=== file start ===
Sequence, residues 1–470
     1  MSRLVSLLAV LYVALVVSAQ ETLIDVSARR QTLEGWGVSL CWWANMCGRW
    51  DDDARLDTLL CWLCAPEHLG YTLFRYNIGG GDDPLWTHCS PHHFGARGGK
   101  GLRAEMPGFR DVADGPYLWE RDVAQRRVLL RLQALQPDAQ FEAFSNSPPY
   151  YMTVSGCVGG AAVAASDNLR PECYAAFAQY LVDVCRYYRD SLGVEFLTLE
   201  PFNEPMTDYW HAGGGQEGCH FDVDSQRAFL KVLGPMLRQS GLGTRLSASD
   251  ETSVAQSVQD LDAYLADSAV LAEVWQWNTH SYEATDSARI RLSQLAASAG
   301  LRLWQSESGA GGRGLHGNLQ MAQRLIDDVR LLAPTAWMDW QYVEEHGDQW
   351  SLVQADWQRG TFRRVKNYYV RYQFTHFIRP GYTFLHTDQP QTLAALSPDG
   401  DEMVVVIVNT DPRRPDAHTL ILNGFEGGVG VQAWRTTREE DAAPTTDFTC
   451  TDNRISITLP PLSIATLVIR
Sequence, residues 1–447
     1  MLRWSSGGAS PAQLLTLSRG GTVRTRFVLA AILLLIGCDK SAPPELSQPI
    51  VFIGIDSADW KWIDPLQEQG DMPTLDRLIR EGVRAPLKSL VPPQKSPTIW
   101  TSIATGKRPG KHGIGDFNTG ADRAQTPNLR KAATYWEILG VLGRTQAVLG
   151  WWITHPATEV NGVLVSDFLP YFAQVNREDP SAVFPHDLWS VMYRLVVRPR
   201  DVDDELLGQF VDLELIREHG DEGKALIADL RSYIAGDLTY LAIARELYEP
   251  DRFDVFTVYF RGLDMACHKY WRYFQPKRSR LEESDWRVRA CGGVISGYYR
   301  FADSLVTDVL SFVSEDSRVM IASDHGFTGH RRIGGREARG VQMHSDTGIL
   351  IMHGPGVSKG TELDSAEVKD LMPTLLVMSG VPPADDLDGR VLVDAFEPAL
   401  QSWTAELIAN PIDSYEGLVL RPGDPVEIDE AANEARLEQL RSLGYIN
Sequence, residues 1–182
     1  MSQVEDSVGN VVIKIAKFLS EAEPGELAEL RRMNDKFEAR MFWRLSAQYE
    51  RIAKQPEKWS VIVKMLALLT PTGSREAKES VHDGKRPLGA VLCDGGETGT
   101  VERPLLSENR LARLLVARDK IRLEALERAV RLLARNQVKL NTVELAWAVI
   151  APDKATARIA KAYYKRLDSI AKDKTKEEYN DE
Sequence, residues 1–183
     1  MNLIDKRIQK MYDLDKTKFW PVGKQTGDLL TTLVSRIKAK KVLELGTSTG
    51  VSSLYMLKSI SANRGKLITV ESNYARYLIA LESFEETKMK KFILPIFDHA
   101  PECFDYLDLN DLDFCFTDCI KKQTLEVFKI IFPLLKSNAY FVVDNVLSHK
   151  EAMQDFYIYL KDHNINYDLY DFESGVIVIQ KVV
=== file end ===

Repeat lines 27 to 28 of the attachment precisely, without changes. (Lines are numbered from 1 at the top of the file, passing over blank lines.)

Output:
Sequence, residues 1–183
     1  MNLIDKRIQK MYDLDKTKFW PVGKQTGDLL TTLVSRIKAK KVLELGTSTG